June 23, 2016 weblog
Emissions testers find diesel cars in Europe pollute more in cool weather
(Tech Xplore)—The BBC is reporting that a company called Emissions Analytics has found that many car makers have programmed their cars to turn off (or down) emissions control systems at approximately 18 degrees Celsius, which some might consider as "cool" rather than the "cold" being reported by automobile makers. Representatives for EA suggested that many car makers appear to be taking advantage of a rule that allows for turning off, or reducing emissions controls during cold weather to prevent unreasonable wear and tear on motors parts, in order to give drivers more miles per gallon of gas.
Most cars in Europe are subject to the Euro 5 rules imposed on cars made between the years 2009 and 2011—the rules were meant to curb air pollution, most particularly those that have been labeled as greenhouse gas emissions—with diesel cars, that pollutant is nitrogen oxide (N2O). EA found that of 213 cars tested from 31 different manufacturers, that the average vehicle emitted 3.6 times as much N2O as is supposed to be allowed by Euro 5 rules—in temperatures above 18C°. When testing below that threshold, they found that the average car was emitting 4.6 times the allowable limit.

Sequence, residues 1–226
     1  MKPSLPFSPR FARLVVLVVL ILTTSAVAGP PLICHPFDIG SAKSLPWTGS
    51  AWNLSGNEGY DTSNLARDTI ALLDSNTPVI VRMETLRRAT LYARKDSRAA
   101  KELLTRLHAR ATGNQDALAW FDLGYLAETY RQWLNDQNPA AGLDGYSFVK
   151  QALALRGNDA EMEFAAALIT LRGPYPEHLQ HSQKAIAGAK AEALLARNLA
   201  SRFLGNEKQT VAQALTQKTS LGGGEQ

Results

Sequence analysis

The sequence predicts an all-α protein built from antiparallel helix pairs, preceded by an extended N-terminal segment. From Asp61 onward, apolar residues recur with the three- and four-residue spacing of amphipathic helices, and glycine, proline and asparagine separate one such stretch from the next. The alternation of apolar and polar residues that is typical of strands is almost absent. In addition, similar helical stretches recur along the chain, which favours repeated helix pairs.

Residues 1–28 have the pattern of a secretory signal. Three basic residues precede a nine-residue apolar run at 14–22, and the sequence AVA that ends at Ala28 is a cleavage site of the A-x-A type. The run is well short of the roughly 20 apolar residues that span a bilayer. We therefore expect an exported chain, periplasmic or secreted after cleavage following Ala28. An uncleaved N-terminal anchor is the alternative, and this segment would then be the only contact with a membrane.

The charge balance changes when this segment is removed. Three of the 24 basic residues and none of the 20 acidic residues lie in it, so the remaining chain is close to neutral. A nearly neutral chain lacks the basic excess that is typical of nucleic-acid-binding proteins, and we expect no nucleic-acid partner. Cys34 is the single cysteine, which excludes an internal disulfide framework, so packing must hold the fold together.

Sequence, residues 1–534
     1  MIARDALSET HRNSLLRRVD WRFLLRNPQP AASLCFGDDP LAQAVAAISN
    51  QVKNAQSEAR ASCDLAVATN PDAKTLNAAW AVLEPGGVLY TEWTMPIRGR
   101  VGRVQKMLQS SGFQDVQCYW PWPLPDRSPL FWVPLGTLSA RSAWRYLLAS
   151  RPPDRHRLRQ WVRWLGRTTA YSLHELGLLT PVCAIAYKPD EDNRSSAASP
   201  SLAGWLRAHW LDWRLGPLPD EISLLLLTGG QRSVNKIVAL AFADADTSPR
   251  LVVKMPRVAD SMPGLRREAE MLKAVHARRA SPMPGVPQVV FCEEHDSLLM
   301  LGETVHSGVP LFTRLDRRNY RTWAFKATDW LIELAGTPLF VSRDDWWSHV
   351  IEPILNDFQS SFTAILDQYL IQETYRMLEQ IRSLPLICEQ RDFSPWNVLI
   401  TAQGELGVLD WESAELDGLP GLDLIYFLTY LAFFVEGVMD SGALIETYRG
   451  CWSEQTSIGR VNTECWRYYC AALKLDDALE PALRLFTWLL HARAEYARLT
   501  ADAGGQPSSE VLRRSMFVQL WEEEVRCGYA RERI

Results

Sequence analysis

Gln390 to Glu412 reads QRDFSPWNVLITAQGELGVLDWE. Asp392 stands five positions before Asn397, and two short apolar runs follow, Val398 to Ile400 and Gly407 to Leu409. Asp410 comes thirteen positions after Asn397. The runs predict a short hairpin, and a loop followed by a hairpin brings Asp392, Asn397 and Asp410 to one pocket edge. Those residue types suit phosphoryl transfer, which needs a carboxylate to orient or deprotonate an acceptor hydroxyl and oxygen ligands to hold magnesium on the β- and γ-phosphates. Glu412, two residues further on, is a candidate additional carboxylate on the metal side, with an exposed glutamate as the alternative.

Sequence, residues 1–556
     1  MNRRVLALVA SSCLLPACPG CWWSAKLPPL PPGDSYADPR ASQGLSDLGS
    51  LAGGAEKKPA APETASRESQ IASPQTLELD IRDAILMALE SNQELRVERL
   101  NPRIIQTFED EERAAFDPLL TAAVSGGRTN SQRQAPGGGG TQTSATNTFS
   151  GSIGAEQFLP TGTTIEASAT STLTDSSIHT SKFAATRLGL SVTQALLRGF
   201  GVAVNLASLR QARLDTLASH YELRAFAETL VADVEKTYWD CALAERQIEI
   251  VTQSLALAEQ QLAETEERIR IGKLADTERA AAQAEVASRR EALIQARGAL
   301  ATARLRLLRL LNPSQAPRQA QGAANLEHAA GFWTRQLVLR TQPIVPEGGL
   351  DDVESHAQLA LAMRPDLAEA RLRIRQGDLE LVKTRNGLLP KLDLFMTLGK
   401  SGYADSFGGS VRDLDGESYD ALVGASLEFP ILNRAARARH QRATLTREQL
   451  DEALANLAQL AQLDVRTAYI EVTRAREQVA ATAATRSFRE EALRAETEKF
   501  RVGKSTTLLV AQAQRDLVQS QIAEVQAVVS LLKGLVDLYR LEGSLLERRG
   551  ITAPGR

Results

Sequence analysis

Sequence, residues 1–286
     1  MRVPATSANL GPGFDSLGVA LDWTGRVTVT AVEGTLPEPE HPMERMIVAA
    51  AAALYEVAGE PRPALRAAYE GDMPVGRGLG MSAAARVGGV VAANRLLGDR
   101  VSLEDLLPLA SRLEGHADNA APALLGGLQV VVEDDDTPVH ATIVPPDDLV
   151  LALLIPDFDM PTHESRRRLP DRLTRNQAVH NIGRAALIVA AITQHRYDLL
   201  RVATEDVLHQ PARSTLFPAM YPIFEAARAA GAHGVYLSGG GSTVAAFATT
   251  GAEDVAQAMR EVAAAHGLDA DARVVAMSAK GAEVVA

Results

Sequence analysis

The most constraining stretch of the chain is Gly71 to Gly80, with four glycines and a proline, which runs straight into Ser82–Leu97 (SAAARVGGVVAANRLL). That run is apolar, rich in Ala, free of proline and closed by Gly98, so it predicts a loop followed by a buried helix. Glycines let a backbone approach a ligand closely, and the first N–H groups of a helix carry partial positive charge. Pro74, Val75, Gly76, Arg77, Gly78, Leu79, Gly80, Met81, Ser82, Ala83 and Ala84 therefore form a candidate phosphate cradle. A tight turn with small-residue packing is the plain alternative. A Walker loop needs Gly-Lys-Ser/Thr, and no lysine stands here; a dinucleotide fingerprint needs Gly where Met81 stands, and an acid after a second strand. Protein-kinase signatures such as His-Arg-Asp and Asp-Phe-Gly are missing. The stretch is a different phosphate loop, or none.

They noted that the problem has crept into newer vehicles as well, with those that are supposed to conform to the more strict Euro 6 rules. For those cars tested, the average vehicle emitted 2.9 times the allowable limit in temperatures above 18C°, but the average vehicle emitted 4.2 times the allowed limit below that temperature.
These findings by EA suggest, of course, that millions of vehicles in Europe are emitting much more pollution than has been believed, all in the name of increased gas mileage—and because cars last a long time, it appears many will continue to do so for ten or fifteen years into the future.
Prior testing by other agencies in other countries has led some car makers to offer software upgrades to some vehicles, modifying the temperature at which the vehicle will turn down or off emission control systems—though it is doubtful many consumers will take advantage of such an offer as it will mean an immediate and permanent reduction in gas mileage.
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